Blog: 9 September 2020London and the Wider South East: The Housing Need Black Hole

Michael Knott

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Michael Knott

Planning Director

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The failure to plan properly between London and authorities across the wider South East[1] is a long-standing flaw in the system which, without solving, will prevent the Government from achieving its ambition of delivering 300,000 homes a year. Reaching a solution has proved technically and politically elusive. Will the Government’s proposed planning reforms as set out in the Planning White Paper provide a solution?

The Scale of the Problem

Representing a Consortium of developers and land promoters[2], Barton Willmore participated in the London Plan examination in early 2019[3]. The outcome of the examination was that the new London Plan will result in an unmet housing need of 14,000 homes a year. This figure assumes that the (reduced) housing target of 52,000 dpa will be achieved, but to do so will require a significant increase compared to the recent past rates of delivery within London. London’s unmet housing need could therefore be closer to 33,000 homes a year – 11% of the national target.

An increase in delivery – towards 52,000 dpa - could be supported by the Secretary of State’s direction[4] to amend the Mayor’s approach to Green Belt, allowing London boroughs to review Green Belt boundaries through their Local Plans in accordance with national policy. We have yet to see the revised new London Plan in response to the Secretary of State’s Direction.

Looking ahead up to the mid-2020s, if calculated using the Government’s proposed Standard Method figure of 93,532 homes a year, London’s unmet need could be near a staggering 60,000 homes a year. Alongside anticipated unmet housing need arising from the wider South East, currently approximately 24,000 homes a year and potentially rising to over 40,000 homes a year, Barton Willmore anticipate unmet housing need within London and the wider South East could be in the order of 100,000 homes a year.

Table 1: Housing need and delivery within London and the wider South East

a) Includes existing Standard Method figure or housing target from latest annual monitoring report for Eastleigh, Windsor & Maidenhead, Aylesbury Vale, and Medway;
b) Includes existing Standard Method figure or housing target from latest annual monitoring report for Brentwood, Tendring, St Albans, North Herts, Basildon, Castle Point, Welwyn, Epping Forest, Harlow, and Uttlesford;
c) Source: MHCLG Live Table 118, Annual net additional dwellings and components, England and the regions, 2000-01 to 2018-19;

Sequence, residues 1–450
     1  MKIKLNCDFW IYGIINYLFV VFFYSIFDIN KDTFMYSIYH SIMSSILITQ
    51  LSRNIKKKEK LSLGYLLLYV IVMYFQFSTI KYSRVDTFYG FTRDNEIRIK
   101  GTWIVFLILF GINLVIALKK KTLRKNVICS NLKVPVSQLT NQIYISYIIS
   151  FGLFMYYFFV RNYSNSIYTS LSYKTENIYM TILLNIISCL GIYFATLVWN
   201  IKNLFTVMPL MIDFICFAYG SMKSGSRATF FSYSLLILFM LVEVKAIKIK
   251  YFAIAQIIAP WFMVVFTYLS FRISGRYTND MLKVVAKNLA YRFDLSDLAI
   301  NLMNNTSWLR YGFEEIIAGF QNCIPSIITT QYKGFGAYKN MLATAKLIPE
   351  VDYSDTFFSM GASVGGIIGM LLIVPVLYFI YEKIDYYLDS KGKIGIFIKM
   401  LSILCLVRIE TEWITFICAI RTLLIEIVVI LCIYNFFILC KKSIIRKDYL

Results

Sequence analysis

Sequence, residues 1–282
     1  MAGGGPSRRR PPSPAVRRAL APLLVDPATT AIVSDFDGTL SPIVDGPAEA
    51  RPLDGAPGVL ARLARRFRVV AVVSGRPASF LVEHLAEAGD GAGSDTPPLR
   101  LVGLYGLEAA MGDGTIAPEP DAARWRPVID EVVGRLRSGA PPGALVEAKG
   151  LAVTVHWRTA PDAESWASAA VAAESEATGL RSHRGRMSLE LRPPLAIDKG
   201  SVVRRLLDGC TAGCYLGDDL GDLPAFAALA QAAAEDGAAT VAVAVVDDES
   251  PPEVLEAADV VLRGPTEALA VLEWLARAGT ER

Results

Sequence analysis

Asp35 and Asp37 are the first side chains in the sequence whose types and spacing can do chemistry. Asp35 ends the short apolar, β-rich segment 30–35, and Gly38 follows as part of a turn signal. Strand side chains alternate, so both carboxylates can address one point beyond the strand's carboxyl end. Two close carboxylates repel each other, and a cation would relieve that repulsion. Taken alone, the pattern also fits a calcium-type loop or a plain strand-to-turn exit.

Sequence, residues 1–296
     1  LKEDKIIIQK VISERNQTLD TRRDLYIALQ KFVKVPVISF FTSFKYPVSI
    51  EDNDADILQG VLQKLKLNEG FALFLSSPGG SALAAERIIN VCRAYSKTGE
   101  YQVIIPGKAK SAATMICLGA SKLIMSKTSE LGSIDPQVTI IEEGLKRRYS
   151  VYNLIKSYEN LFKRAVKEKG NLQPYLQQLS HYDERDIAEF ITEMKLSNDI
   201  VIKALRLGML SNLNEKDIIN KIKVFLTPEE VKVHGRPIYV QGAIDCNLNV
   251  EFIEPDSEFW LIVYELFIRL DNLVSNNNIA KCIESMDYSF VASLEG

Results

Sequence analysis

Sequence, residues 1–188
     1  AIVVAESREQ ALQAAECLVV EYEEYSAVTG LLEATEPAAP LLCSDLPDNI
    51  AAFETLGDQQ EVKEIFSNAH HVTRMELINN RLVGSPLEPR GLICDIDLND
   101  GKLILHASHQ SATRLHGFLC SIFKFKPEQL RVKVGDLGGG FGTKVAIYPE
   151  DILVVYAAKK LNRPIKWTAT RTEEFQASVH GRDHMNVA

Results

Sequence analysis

d) As of 7 August 2020

Part of the reason why such substantial under provision has been accepted by the Panel examining the new London Plan is that there is no statutory obligation for the London Mayor, when preparing the London Plan, to cooperate with local planning authorities across the wider South East. As a consequence, there is currently no statutory or policy requirement for London’s unmet housing need to be accommodated beyond its boundary. On this basis, such collaboration which has taken place between the GLA and the wider south east authorities[1] has been ineffectual.

Against this background, it was reassuring that the Secretary of State’s response to the Mayor in March 2020[2] called for a commitment to maximising delivery in London including, ‘producing and delivering a new strategy with authorities in the wider South East to offset housing need in a joined-up way’. This is something Barton Willmore has called for throughout the London Plan examination process[3]. Whilst disappointing that this could not have been secured through the new London Plan, MHCLG should be congratulated for identifying this as a key requirement for the future review process. However, how this will be secured through the promised planning reforms is fundamental to planning for and meeting London’s and the region’s housing needs.

What now needs to happen to produce and deliver a new strategy between London and the wider South East? Something that has proved to be so elusive. However, whilst the government appears to be willing to imposes binding ‘top down’ housing numbers, it has fallen shy of such regional and strategic clarity in plan making. More detail could emerge through the forthcoming Devolution White Paper due this Autumn, but until then….

Towards a Solution

One option which may have merits is to review the Proposed Standard Method so that it supports the Government’s the “levelling up” agenda, redistributing need so that higher housing numbers are allocated in the north of England. This will likely need to form part of the solution, but in my view, it should not be to such an extent as to undermine the Government’s objective of improving affordability. There will always be unmet housing need, likely to be substantial in any scenario, and the planning system must find a way of dealing with this.